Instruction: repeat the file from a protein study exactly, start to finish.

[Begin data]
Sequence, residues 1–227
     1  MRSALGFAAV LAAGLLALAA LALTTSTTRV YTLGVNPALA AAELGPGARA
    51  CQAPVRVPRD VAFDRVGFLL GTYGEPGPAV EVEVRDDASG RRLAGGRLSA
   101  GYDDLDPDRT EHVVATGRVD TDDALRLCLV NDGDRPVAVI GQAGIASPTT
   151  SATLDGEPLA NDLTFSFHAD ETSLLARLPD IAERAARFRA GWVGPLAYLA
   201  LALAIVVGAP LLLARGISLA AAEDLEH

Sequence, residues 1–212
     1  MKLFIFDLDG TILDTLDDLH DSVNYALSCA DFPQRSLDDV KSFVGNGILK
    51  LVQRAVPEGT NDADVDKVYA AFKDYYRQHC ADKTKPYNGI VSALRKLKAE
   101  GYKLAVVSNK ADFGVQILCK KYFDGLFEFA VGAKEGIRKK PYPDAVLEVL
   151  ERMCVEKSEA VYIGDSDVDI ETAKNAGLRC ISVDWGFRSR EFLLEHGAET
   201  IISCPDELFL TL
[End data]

Sequence, residues 1–227
     1  MRSALGFAAV LAAGLLALAA LALTTSTTRV YTLGVNPALA AAELGPGARA
    51  CQAPVRVPRD VAFDRVGFLL GTYGEPGPAV EVEVRDDASG RRLAGGRLSA
   101  GYDDLDPDRT EHVVATGRVD TDDALRLCLV NDGDRPVAVI GQAGIASPTT
   151  SATLDGEPLA NDLTFSFHAD ETSLLARLPD IAERAARFRA GWVGPLAYLA
   201  LALAIVVGAP LLLARGISLA AAEDLEH

Sequence, residues 1–212
     1  MKLFIFDLDG TILDTLDDLH DSVNYALSCA DFPQRSLDDV KSFVGNGILK
    51  LVQRAVPEGT NDADVDKVYA AFKDYYRQHC ADKTKPYNGI VSALRKLKAE
   101  GYKLAVVSNK ADFGVQILCK KYFDGLFEFA VGAKEGIRKK PYPDAVLEVL
   151  ERMCVEKSEA VYIGDSDVDI ETAKNAGLRC ISVDWGFRSR EFLLEHGAET
   201  IISCPDELFL TL